Other/Inert Ingredients in Pesticides
Other ingredients are not listed on product labels for EPA-registered pesticides because their identity is considered to be confidential business information. You may also see them listed as “inert” ingredients.
While many of the chemicals used as other ingredients are not known to pose health or environmental risks, some of them can be toxic. In some cases, the other ingredients can pose greater risks than the active ingredient itself.
- Other ingredients may increase shelf-life, attract the pest, or spread the product more evenly on surfaces (surfactants). Adjuvants are "other ingredients" commonly added to improve pesticide performance.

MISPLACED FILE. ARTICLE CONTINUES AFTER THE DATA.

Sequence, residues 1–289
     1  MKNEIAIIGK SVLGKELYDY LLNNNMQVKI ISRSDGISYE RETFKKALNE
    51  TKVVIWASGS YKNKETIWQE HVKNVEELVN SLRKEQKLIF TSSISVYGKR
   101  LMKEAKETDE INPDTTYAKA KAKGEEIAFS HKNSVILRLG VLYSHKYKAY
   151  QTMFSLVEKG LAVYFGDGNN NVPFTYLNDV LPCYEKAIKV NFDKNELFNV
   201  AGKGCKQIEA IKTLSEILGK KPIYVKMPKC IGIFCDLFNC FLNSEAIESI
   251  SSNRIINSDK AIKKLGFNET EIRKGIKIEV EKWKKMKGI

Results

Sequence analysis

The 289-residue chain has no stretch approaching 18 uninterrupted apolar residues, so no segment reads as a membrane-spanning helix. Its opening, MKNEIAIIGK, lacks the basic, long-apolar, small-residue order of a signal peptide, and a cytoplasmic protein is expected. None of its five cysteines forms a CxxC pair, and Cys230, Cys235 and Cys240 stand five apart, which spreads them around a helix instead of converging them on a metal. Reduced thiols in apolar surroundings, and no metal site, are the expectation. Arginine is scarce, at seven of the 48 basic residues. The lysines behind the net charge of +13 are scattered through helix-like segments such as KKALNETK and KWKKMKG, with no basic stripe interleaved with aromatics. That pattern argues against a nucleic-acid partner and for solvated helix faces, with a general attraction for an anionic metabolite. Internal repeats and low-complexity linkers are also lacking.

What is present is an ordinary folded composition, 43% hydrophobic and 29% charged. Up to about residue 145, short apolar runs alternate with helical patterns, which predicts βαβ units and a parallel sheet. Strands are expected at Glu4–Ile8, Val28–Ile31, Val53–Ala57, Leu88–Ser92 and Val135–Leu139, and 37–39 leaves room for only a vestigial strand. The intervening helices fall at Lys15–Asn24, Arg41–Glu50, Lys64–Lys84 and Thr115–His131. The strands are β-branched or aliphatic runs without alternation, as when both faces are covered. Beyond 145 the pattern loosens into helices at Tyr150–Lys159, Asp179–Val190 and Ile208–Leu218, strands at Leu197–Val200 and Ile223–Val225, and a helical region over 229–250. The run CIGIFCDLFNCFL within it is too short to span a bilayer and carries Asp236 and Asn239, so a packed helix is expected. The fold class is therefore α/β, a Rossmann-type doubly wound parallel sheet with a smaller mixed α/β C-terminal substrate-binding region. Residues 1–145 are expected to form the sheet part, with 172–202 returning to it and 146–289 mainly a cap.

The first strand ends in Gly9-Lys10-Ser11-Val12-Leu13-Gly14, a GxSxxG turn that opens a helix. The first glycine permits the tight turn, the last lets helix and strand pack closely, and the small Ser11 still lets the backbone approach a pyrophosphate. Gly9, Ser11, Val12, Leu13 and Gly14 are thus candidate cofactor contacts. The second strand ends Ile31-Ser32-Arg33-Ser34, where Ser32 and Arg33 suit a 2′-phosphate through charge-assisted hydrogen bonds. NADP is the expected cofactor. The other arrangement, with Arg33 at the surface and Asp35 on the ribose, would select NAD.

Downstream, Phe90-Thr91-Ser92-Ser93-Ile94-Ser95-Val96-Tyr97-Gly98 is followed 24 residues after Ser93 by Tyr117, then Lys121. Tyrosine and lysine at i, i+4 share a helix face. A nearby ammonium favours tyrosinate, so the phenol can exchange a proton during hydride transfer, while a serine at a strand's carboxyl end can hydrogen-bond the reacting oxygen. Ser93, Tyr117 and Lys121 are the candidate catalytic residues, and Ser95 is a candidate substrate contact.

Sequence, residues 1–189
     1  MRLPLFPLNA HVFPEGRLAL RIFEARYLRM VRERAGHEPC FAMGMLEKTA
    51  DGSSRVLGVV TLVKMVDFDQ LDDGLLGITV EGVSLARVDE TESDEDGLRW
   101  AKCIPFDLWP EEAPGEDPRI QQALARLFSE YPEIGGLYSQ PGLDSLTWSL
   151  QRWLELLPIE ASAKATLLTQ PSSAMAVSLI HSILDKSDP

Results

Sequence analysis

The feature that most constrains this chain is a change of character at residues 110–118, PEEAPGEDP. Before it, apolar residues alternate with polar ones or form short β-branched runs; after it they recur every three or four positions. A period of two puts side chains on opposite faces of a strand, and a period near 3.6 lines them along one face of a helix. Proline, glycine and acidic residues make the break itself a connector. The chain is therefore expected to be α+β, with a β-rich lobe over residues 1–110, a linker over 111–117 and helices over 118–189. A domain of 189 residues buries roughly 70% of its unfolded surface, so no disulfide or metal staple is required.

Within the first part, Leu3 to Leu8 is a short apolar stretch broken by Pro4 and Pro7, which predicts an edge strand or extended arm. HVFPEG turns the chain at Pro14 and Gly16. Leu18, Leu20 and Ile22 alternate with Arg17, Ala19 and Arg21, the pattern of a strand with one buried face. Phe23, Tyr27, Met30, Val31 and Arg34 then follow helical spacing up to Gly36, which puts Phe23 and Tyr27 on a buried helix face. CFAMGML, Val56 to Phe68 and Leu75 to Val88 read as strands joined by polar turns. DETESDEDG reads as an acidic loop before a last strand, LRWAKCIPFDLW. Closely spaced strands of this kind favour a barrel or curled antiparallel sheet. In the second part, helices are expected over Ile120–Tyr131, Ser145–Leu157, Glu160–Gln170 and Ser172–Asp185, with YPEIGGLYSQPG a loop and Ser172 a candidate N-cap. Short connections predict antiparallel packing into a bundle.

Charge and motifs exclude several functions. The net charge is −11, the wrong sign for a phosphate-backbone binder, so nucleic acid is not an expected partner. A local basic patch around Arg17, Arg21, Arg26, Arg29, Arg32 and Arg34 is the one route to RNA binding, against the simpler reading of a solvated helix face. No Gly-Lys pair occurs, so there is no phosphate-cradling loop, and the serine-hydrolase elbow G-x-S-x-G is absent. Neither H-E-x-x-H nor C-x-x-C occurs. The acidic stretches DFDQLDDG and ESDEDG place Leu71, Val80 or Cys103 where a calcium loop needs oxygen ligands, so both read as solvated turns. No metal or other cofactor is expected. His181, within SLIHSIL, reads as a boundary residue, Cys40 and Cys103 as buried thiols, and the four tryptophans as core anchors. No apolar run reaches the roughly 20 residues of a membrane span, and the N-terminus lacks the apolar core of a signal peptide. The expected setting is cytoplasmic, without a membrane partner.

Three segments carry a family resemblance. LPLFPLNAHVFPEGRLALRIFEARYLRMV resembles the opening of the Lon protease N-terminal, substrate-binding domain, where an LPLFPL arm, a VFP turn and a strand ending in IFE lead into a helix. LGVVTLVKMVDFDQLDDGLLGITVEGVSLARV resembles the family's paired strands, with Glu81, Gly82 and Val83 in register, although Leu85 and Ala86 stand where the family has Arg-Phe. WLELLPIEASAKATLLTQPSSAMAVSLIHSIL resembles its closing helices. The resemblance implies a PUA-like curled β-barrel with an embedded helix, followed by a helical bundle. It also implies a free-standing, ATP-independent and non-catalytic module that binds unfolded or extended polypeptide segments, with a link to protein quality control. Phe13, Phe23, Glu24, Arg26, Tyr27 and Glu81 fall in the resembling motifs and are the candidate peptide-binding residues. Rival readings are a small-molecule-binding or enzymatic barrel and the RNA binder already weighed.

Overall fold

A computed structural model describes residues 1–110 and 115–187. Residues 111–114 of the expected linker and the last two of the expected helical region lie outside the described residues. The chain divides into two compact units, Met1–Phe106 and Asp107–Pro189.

- Examples of other/inert ingredients include kerosene, propane and other petroleum products, wintergreen oil, peanuts, beeswax, and salt.
- Although the other ingredients are not required on the label, the signal word on the label indicates the toxicity of the formulated product (active and other ingredients combined).
- There are maximum residue limits (tolerances) for other ingredients that are used on food.
- You can search for a substance to see if it can be used in pesticides as an other ingredient.
- The same chemical might be an active ingredient in one product and an other ingredient in a different product.
- Only certain other ingredients may be used in Minimum Risk Pesticides and pesticides for organic production systems.
If you have questions about this, or any pesticide-related topic, please call NPIC at 800-858-7378 (8:00am - 12:00pm PST), or email us at email@example.com.
Last updated June 28, 2021